Appeal from the County Court of DuPage County; the Hon.
WILLIAM L. GUILD, Judge, presiding. Affirmed upon filing
remittitur; otherwise, reversed and remanded.
The only issue in this case is the proper measure of damages where the cost of repairing personal property damaged in an accident exceeds the value of the property before the accident. The trial court heard the case without a jury and entered judgment for the plaintiffs in the amount of $399.93, which admittedly exceeds the value of their automobile before the accident, and the defendant appeals.
The parties jointly moved this Court to dispense with the filing on an abstract and the motion was allowed. The defendant filed his brief but no briefs were filed on behalf of the plaintiffs.
The parties have entered into a stipulation of facts which is as follows:
"1. On February 7, 1962, the plaintiffs were the owners of a 1953 Tudor Custom Ford with a standard transmission that had been driven 66,000 miles and was in A-1 condition.
"2. The plaintiffs' automobile was legally parked and was struck by the motor vehicle operated by the defendant who admitted responsibility for the accident.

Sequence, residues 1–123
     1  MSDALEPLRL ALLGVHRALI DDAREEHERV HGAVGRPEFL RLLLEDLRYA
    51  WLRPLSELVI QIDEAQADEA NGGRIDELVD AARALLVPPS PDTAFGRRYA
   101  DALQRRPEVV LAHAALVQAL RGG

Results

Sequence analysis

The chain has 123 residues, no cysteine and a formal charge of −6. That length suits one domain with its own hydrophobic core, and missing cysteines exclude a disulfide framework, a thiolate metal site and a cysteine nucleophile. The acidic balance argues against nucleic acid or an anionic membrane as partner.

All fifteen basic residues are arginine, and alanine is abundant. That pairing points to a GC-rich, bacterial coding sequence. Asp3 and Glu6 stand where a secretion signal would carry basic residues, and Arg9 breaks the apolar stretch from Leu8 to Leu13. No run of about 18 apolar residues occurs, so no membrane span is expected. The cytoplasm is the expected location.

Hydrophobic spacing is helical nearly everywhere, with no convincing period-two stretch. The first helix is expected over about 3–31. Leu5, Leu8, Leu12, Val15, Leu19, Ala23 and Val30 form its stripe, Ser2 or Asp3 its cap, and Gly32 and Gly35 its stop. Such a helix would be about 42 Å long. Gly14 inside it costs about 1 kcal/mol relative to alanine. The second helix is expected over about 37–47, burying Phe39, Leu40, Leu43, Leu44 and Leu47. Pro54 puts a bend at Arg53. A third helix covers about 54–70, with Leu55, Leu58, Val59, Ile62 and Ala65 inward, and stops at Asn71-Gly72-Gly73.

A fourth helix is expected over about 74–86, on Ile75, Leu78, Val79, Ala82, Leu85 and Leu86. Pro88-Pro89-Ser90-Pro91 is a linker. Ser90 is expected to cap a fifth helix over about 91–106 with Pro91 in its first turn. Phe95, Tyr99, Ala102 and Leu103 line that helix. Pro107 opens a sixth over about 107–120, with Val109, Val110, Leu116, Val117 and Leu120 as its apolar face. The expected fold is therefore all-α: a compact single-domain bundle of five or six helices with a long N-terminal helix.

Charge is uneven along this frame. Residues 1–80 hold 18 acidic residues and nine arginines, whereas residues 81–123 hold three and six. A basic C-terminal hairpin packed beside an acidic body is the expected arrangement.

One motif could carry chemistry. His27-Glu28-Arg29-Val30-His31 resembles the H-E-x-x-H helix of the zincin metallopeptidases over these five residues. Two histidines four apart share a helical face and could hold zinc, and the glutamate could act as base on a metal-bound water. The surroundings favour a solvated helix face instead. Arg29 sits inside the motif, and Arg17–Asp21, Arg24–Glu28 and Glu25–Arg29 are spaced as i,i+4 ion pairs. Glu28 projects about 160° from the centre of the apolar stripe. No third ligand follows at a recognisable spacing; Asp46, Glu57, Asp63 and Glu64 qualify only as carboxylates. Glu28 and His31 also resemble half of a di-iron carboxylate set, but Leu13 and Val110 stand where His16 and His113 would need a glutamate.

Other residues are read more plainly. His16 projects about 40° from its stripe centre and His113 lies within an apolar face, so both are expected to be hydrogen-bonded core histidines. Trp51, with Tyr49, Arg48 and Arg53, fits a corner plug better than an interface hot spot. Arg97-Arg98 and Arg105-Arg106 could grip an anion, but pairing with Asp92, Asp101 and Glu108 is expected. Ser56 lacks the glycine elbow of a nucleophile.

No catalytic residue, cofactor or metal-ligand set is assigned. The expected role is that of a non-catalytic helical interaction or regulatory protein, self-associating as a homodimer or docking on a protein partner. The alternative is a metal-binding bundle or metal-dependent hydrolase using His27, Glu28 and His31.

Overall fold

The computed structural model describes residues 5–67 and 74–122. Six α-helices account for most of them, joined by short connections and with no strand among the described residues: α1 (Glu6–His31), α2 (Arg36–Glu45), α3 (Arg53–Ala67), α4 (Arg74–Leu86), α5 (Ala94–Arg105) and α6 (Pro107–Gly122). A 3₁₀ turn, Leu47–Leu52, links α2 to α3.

"3. The plaintiffs incurred and paid the following bills as the result of the accident in question:
Towing .................... $ 30.00 Vehicle repairs ........... 333.62 Purchase of new tire ...... 36.31
"4. The only evidence introduced regarding the value of the automobile was that of the defendant's insurance appraiser and adjuster who testified that its value before the impact did not exceed $175.00 and its value afterwards was $50.00.
"He further testified that the then current Red Book of automobile values did not list the values of 1953 Ford automobiles, but that it did value a corresponding 1954 Ford in the amount of $150.00."
It further appears from the record that what the stipulation lists as a $30 bill for towing was actually a $10 charge for towing and a $20 charge for "storage."
The defendant claims that the proper measure of damages in this case is the difference between the fair market value of the vehicle immediately before the occurrence and the fair market value of the unrepaired vehicle immediately afterward. Even though the plaintiffs did not file a brief in support of their judgment, the Court will assume their contention to be that the costs of repair as shown by their paid receipts is the true measure of damages.
In Santiemmo v. Days Transfer, Inc., 9 Ill. App.2d 487, 502, 133 N.E.2d 539 (1st Dist 1956), it was stated:
"Where property has been injured by a defendant and can be repaired, the true measure of damages in the reasonable costs of repairs, providing that it is less than the value of the property before the injury. . . . The plaintiff could not recover the ...